A Dramatic Drop in Global Birth Rates, Where it Leads Us?

As noted earlier, over the past centuries, there have been various assessments of changes in fertility and their impact on the state structure and social processes. Nevertheless, it has always been recognized that the demographic situation of a country is invariably a key indicator of its development. Therefore, the solution of the most important social issues concerning the development of a country, its economic state and national security depends primarily on the resolution of the demographic issue. As with the development of any economy, the regional and global balance of economic and political power depends to a large extent on demographic and migration processes.

According to UN estimates, the world’s population by 2020 has reached around 7 billion 794 million 800 thousand. China remains the most populous country in the world, with 1 billion 439 million 323 thousand people. It is followed by India with 1 billion 380 million and the US with more than 331 million people. These three countries account for 40.4% of the global population.

It has already been noted that economic factors have a marked influence on the structure and size of the population. According to the World Bank, human resources in developed countries account for 68% to 76% of the total national wealth. In other words, human potential is the main factor of economic growth in the modern world, and the efficiency of the use of all other development resources depends on its condition. This is why fertility drops are attracting attention, primarily with a view of identifying their causes and dealing with them in a timely manner.

According to a United Nations Population Fund (UNFPA) study in 19 European countries and in the USA, published by Der Spiegel, the coronavirus pandemic has led to a noticeable drop in the number of newborns in the USA and Europe. The figures show that there has been a sharp decline in fertility since October 2020 in all the countries studied, and in Canada, the lowest since 2006. UN expert Rachel Snow attributes this to the fact that people prefer to avoid pregnancy in unstable times.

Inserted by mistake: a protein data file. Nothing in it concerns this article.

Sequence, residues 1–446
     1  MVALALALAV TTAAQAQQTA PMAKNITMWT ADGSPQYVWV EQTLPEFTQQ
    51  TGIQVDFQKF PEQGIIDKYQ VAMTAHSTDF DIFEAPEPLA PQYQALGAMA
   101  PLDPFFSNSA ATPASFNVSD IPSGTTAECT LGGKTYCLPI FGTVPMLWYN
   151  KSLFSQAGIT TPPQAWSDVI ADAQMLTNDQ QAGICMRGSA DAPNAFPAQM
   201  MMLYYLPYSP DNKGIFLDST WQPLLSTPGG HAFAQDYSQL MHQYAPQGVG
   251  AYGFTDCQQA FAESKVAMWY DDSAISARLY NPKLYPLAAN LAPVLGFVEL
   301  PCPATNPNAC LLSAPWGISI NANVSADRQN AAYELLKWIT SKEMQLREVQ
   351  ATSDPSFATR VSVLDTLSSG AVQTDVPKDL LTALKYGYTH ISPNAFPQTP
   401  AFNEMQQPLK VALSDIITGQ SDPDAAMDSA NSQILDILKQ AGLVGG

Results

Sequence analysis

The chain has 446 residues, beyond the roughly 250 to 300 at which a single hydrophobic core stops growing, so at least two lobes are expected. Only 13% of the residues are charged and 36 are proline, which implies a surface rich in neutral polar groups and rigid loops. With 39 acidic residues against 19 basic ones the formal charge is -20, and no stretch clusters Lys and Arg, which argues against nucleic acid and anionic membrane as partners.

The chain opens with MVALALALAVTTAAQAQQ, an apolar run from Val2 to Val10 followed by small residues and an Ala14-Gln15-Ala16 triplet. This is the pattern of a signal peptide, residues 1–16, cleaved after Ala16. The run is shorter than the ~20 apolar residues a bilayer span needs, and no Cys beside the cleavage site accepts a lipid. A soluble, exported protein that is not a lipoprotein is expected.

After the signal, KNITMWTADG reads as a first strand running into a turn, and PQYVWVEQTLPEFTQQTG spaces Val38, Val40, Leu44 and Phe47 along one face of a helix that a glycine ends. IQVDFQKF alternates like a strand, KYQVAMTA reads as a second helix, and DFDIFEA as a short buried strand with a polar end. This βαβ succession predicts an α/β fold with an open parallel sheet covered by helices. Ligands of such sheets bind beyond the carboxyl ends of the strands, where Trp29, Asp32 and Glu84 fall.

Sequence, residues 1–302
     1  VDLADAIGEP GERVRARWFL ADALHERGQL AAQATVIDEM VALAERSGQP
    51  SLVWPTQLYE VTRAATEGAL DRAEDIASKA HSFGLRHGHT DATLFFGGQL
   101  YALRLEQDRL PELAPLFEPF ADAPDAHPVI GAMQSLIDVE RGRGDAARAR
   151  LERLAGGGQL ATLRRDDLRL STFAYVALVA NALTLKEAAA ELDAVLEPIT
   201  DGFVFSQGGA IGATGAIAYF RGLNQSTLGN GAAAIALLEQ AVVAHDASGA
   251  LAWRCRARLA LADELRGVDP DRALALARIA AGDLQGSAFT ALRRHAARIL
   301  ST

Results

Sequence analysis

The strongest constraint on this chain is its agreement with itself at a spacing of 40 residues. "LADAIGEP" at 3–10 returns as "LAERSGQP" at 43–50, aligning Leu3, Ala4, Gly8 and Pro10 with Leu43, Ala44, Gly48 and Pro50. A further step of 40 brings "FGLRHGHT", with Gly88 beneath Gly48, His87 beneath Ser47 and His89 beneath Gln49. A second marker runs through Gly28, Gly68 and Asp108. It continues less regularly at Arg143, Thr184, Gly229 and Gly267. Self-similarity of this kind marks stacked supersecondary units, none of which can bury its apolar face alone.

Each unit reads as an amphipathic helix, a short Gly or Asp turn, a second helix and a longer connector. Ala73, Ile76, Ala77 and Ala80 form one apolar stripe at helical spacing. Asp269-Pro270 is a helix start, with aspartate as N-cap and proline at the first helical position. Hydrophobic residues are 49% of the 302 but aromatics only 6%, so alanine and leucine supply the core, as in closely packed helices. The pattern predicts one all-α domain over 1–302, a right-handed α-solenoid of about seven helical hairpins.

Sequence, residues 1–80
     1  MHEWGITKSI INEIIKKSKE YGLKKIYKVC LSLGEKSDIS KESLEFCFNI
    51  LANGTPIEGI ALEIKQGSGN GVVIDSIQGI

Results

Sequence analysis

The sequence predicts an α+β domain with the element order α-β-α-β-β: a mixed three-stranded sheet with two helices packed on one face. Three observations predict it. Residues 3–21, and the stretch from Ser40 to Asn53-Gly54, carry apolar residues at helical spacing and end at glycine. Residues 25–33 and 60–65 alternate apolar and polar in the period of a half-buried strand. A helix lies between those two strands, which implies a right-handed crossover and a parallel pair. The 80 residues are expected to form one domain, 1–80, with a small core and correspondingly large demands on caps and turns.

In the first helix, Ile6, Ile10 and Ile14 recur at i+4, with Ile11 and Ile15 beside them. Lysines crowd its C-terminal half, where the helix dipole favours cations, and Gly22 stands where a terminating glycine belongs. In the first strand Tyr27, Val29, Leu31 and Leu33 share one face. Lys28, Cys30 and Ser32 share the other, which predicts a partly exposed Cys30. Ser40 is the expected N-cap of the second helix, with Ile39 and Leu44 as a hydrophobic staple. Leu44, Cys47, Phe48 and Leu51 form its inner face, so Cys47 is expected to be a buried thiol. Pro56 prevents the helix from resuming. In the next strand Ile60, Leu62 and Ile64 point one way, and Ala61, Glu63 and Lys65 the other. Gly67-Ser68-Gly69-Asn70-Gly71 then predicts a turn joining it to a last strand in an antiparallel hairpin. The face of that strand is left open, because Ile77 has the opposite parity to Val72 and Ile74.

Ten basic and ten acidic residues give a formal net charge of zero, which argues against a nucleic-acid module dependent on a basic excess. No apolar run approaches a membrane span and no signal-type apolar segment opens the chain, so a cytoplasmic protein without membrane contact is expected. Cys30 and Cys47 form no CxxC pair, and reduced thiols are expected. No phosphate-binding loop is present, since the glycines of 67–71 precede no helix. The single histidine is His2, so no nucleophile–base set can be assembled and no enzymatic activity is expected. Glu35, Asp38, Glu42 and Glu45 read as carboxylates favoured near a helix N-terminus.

Ukraine, the Baltics and Georgia lead in population decline among the former Soviet republics. In the 30 years since the collapse of the USSR, Ukraine has lost 20% of its population. The “anti-leader” of the list is Latvia, which has lost 28.3% of its population, followed by Lithuania (-24.5%) and Georgia (-23.2%).

However, there is a serious variation from country to country in Europe: while Spain reported a 20% drop in birth rates and France a 13.5% decline, countries such as Denmark, Finland, Norway and the Netherlands have not experienced strong variations, showing the greatest stability in terms of birth rates.

As for less developed countries, the trend is sometimes reversed. The main reason for this is worse access to contraception, making it more difficult for the local population to reduce fertility at will. This trend in particular can be seen in Bangladesh, Malawi and Mexico.

In the USA, the pandemic has also had an impact on the birth rate: for example, in California it fell by 10.5% and in Florida by 7.2%. According to surveys, many married couples have postponed pregnancy plans because of the epidemiological situation as well as the state’s failed social policies.

Last year, The New York Post reports, the number of deaths exceeded the number of births in 25 US states. The marriage rate is also at an all-time low of 6.5 marriages per 1,000 people. Millennials are the first generation to be primarily single (about 56%). According to Pew, they are not having sex and are more likely to live with their parents than previous generations in their 20s and 30s. The number of such young people tripled between 2008 and 2018. Cities like New York, where young secular Americans are flocking to build their lives, are becoming increasingly childless. There are more dogs than children in San Francisco, says the publication.

Younger generations are reluctant to become parents because they find the current realities unacceptable and the future seems more uncertain than ever, explains MSNBC, an American TV channel. And that should a worrying trend for everyone. As the pandemic has demonstrated, parents, mainly mothers, are thrown out of the workforce, either fired or forced to take care of their children or a sick family. It is now almost impossible to buy a house to raise children unless you have money or relatives to make it happen. Millennials are also faced with such fast-growing student debt that the minimum monthly salary is barely enough to pay the monthly tuition fee.